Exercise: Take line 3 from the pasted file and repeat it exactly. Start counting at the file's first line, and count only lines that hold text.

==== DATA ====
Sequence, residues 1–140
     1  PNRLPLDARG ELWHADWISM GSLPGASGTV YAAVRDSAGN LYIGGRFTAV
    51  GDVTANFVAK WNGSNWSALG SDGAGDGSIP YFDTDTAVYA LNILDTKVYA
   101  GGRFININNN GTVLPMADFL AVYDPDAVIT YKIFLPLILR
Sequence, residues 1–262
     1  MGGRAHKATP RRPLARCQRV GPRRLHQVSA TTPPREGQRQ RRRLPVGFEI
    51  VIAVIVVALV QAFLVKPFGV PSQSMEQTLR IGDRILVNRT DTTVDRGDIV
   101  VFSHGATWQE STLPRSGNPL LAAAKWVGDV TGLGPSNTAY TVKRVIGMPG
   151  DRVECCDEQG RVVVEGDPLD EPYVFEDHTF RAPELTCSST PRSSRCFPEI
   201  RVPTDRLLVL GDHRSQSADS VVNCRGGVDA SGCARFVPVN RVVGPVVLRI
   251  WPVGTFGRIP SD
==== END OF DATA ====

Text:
    51  GDVTANFVAK WNGSNWSALG SDGAGDGSIP YFDTDTAVYA LNILDTKVYA